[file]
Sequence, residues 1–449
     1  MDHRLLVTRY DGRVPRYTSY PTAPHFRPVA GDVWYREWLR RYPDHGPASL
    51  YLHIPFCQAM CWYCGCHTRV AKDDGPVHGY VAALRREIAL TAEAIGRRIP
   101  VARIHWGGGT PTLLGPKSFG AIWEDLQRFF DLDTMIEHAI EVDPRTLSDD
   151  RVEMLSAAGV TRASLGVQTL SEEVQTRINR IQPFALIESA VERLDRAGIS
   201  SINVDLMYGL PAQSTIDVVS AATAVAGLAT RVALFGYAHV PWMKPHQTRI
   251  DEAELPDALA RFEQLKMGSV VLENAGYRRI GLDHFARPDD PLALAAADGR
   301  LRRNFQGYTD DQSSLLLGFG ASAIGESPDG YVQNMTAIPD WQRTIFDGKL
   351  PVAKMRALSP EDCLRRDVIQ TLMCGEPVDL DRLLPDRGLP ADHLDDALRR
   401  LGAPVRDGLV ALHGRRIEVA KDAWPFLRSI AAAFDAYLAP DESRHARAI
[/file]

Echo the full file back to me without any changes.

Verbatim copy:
Sequence, residues 1–449
     1  MDHRLLVTRY DGRVPRYTSY PTAPHFRPVA GDVWYREWLR RYPDHGPASL
    51  YLHIPFCQAM CWYCGCHTRV AKDDGPVHGY VAALRREIAL TAEAIGRRIP
   101  VARIHWGGGT PTLLGPKSFG AIWEDLQRFF DLDTMIEHAI EVDPRTLSDD
   151  RVEMLSAAGV TRASLGVQTL SEEVQTRINR IQPFALIESA VERLDRAGIS
   201  SINVDLMYGL PAQSTIDVVS AATAVAGLAT RVALFGYAHV PWMKPHQTRI
   251  DEAELPDALA RFEQLKMGSV VLENAGYRRI GLDHFARPDD PLALAAADGR
   301  LRRNFQGYTD DQSSLLLGFG ASAIGESPDG YVQNMTAIPD WQRTIFDGKL
   351  PVAKMRALSP EDCLRRDVIQ TLMCGEPVDL DRLLPDRGLP ADHLDDALRR
   401  LGAPVRDGLV ALHGRRIEVA KDAWPFLRSI AAAFDAYLAP DESRHARAI